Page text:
Truly a good point. But, since the 1st amendment applies solely to citizens, how does this apply to foreigners?
    Last edited by Bluespade; Dec 13 2011 at 06:41 PM.
    FIAT CURRENCY=DEBT SLAVERY

  6. #6

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    Quote Originally Posted by BringDownMugabe View Post
    Source

    This is a horrible ruling by the US District court. These are two people who, while aren't citizens, both live and work in America legally. The decisions made by our politicians affect them just as much as they do us. Additionally, it's quite upsetting the US Supreme Court won't hear this case.

    If millions are donated to campaigns by lobbyists/corporations, why can't an individual, who's affected by the politicians, donate a minuscule fraction of what the lobbyists are throwing around?
    If your not an American citizen you have no say. If they want their voices heard, go home and holler all ya want.
    Would the IRS accept the excuse YOUR hard drive crashed 10 days after receiving an audit notice, so you can't supply the information they're asking for? Would they just drop it and go away? Why should they be held to any less of a standard they set for us?

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    Quote Originally Posted by BringDownMugabe View Post
    Source

    This is a horrible ruling by the US District court. These are two people who, while aren't citizens, both live and work in America legally. The decisions made by our politicians affect them just as much as they do us. Additionally, it's quite upsetting the US Supreme Court won't hear this case.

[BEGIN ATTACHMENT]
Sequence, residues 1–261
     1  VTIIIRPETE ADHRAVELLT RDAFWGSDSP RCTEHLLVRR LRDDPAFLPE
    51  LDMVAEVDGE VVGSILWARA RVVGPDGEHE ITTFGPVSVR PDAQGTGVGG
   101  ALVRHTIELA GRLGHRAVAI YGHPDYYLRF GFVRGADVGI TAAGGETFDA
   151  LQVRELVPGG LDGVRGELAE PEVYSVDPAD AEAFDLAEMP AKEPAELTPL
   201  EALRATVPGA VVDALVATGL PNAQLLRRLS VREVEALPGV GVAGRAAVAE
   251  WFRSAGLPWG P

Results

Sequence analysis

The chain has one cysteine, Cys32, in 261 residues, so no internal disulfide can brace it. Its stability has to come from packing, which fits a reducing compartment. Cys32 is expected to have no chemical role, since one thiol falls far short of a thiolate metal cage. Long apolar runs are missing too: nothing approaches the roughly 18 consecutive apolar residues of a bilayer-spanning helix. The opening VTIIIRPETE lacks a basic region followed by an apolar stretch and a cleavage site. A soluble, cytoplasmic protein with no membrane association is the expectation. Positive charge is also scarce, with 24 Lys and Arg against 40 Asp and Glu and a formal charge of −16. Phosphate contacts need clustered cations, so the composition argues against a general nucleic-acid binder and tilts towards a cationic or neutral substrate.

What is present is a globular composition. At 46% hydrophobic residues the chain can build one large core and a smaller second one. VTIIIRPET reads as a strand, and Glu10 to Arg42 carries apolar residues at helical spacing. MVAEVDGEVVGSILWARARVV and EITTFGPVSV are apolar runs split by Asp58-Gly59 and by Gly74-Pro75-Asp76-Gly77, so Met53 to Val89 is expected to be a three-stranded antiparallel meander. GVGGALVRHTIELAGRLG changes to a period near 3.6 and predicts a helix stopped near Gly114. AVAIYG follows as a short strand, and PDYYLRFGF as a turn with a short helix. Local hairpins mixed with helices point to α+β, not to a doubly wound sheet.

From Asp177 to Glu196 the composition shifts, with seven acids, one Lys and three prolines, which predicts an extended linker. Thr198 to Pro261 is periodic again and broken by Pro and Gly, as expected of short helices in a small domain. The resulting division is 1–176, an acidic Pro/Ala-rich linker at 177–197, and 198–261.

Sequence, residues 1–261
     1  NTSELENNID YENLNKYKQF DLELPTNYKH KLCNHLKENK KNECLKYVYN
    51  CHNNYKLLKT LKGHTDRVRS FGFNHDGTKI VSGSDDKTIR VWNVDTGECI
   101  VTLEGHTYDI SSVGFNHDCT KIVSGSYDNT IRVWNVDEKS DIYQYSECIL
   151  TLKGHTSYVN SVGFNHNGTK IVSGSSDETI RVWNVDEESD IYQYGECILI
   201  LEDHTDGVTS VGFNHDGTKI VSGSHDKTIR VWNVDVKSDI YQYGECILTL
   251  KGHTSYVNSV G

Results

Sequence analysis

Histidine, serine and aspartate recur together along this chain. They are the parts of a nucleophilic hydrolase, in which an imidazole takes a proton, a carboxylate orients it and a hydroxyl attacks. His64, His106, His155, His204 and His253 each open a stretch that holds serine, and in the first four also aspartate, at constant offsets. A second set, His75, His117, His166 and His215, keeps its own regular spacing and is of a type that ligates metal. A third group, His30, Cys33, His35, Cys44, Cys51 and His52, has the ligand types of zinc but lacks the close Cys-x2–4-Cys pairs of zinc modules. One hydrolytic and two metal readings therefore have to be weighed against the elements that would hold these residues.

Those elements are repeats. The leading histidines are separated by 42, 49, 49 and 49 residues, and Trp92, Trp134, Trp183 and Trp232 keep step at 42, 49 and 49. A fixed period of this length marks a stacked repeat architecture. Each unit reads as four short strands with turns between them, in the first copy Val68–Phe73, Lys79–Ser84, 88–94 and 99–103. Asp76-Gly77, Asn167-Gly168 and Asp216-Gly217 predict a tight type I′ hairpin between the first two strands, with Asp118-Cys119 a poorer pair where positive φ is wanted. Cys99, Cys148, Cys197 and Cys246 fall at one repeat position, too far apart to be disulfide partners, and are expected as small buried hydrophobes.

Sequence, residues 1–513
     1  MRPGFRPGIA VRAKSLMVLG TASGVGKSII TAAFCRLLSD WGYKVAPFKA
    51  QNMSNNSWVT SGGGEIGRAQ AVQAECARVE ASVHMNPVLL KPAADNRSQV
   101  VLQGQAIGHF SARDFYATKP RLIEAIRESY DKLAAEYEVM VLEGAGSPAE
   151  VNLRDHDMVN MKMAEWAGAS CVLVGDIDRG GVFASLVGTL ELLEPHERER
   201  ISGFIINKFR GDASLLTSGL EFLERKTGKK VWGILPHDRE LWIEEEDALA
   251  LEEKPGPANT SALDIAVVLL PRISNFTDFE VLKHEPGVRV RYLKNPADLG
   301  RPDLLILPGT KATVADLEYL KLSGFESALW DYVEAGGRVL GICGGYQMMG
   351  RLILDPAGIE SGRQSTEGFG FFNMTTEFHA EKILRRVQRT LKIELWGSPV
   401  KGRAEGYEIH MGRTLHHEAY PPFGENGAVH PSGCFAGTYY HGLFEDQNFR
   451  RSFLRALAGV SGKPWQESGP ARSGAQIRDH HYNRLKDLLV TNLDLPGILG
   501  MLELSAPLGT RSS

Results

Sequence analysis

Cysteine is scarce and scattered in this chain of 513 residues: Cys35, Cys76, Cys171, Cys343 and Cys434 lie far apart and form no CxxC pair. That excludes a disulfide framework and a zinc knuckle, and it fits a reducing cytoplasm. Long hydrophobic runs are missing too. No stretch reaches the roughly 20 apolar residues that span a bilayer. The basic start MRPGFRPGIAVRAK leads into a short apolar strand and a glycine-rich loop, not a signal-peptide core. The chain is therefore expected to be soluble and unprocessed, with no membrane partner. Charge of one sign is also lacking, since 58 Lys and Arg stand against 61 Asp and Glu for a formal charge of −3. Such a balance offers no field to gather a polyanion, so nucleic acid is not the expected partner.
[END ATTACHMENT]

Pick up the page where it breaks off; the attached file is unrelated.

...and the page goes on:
If millions are donated to campaigns by lobbyists/corporations, why can't an individual, who's affected by the politicians, donate a minuscule fraction of what the lobbyists are throwing around?

    So according to our court system, corporations are people with speech rights, but foreigners aren't!! What a wonderful system we have!!
    Im a Tarte, what! you want some of this!

    The essence of any utopianism is: Conjure an ideal that makes an impossible demand on reality, then announce that, until the demand is met in full, your ideal can't be fairly evaluated. Attribute any incidental successes to the halfway meeting of the demand, any failure to the halfway still to go.

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    Quote Originally Posted by Bluespade View Post
    Truly a good point. But, since the 1st amendment applies solely to citizens, how does this apply to foreigners?


    Where is that part in the constitution?
    Im a Tarte, what! you want some of this!

    The essence of any utopianism is: Conjure an ideal that makes an impossible demand on reality, then announce that, until the demand is met in full, your ideal can't be fairly evaluated. Attribute any incidental successes to the halfway meeting of the demand, any failure to the halfway still to go.

  9. #9

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    Quote Originally Posted by Bluespade View Post
    Truly a good point. But, since the 1st amendment applies solely to citizens, how does this apply to foreigners?
    Where does the 1st Amendment say it only applies to citizens?

    It doesn't. It restricts the government regardless of who it is dealing with.
    sputterman: "Aiding the enemy? If the truth aids the enemy then we are in the wrong war."

    Me: "When the people who teach our children, protect us from fires and criminals, save our lives when we're injured, and defend us with their very lives make less in a year than a guy who throws a ball for a living makes in an hour, there is something truly (*)(*)(*)(*)ed up with our country."

  10. Default

    Quote Originally Posted by frodly View Post
    Where is that part in the constitution?
    Apparently you've never read the preamble to the constitution.

    You know that whole, "We the people of the United States of America".
    FIAT CURRENCY=DEBT SLAVERY